- - Wednesday, February 29, 2012

The directors of “Act of Valor,” Mike “Mouse” McCoy and Scott Waugh, said they wanted to make the “first authentic action film.” With its cast of active-duty Navy SEALs who fire real weapons while re-enacting real missions, “Valor’s” authenticity was assured.

Less certain were its commercial prospects.

Not anymore. “Valor” successfully assaulted box offices over the weekend, finishing as the top-grossing film in the U.S. with $24.7 million — nearly doubling its $12.5 million production budget in its first three days of release.

Unashamed in its reverence and gratitude for the skills and sacrifices of its band of elite warrior-brothers, “Valor” is selling itself as the “anti-Hollywood” corrective to the ambivalence, contempt and defeatism pervading the American movie industry’s depictions of the U.S. military in the post-9/11 era.

“Valor” is the anti-Hollywood alternative in another important sense: Unlike its commercially challenged mainstream counterparts — conflicted anti-war sermons such as “Lions for Lambs,” “In the Valley of Elah” and “Rendition” — this heartfelt tribute to military heroism with its fierce action has undeniable audience appeal. This contrast in popular appeal is so striking, indeed, that “Valor” invites some larger questions about the cultural marketplace.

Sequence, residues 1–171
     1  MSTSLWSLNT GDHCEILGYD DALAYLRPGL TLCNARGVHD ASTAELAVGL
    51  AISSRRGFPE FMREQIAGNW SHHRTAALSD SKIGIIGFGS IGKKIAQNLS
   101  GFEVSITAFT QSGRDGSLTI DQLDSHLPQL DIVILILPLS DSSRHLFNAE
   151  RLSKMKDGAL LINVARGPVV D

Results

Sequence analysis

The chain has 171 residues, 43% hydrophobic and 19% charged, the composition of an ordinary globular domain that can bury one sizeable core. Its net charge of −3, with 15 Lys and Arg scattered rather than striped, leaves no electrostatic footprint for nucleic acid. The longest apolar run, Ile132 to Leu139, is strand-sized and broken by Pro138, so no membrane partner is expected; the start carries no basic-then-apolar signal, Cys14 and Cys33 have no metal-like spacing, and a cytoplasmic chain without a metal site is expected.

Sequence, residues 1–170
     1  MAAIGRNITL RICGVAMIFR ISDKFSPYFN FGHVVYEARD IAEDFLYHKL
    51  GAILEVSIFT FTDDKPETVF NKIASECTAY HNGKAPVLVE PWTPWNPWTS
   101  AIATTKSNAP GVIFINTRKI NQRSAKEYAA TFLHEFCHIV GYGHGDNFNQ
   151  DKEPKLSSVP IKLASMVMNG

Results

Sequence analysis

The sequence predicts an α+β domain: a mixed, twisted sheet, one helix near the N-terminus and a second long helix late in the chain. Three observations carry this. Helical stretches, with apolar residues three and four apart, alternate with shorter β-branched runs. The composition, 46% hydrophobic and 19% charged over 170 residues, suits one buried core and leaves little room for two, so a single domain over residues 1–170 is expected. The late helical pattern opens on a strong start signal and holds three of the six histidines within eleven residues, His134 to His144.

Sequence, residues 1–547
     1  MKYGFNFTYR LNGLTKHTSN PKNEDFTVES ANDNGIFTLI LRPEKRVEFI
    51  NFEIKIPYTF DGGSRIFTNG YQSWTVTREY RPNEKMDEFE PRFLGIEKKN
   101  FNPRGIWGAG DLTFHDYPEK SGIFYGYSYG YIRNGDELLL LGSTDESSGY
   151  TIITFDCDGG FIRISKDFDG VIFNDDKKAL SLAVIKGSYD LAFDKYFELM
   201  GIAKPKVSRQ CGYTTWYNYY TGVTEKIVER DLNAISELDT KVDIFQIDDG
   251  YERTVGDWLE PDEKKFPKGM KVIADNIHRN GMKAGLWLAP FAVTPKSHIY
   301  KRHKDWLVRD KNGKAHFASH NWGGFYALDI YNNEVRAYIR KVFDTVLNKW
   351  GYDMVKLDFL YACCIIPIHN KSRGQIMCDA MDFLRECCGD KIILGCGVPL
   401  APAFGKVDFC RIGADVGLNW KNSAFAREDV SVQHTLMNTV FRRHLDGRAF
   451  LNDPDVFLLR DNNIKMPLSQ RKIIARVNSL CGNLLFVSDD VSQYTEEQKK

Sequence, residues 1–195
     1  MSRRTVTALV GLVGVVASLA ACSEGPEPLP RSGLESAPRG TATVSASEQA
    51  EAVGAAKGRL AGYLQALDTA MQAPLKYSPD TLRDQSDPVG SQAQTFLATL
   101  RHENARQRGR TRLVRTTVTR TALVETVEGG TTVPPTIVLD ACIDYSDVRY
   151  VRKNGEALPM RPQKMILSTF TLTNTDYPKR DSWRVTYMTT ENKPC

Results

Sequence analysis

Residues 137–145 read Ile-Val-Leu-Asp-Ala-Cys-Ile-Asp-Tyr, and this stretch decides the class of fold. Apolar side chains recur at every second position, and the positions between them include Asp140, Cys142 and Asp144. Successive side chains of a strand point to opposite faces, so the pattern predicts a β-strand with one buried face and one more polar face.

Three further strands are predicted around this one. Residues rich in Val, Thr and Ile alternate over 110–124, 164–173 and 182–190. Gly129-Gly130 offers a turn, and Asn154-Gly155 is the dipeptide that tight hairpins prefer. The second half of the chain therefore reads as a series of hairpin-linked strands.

With its stunning opening-weekend performance, has “Valor” awakened a sleeping giant — a latent, self-activating Red America movie market capable of supporting the production of new movies imbued with old values? Has the film’s breakthrough confirmed the emergence of an alternative network of Web-based, conservative movie and entertainment sites, one that has now shown that, given a worthy title, it can build the kind of snowballing word of mouth needed to successfully open a movie?

Much of the film’s early buzz came from conservative and military bloggers, who praised the portrayal of the SEALs and their comrades in arms as heroes. Writers at Blackfive, one of the most widely read military blogs, saw a screening of “Valor” last fall and told readers, “This will be one of the best movies you will ever see.”

At Big Hollywood, the conservative entertainment blog owned by digital mini-mogul Andrew Breitbart, the trailer for “Valor” was promoted early and often.

“Since the start of the war on terror, we’ve been told by our entertainment overlords that American audiences are too ‘sophisticated’ and ‘nuanced’ for a straightforward, pro-American, pro-military, action-packed war film,” said John Nolte, editor of Big Hollywood. “We all knew they were lying, and now a film that has come out with no marquee names and sold only on those qualities has proven the lie.”

But movie industry sources — even the rare conservatives — are more hesitant to certify the advent of a rival movie culture. Don’t forget, they say, “Act of Valor” is a good ride, an unusually rousing couple of hours at the pictures. Is its market success really an affirmation of its political values? Or, instead, a confirmation of its entertainment values?